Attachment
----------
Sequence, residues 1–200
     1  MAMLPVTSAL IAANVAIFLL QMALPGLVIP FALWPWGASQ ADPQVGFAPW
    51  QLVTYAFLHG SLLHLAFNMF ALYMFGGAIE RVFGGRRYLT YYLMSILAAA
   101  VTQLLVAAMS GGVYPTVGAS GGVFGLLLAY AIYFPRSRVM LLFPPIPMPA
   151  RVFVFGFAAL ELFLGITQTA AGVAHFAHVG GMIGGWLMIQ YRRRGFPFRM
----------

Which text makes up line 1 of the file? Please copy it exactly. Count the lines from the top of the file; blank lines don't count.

Sequence, residues 1–200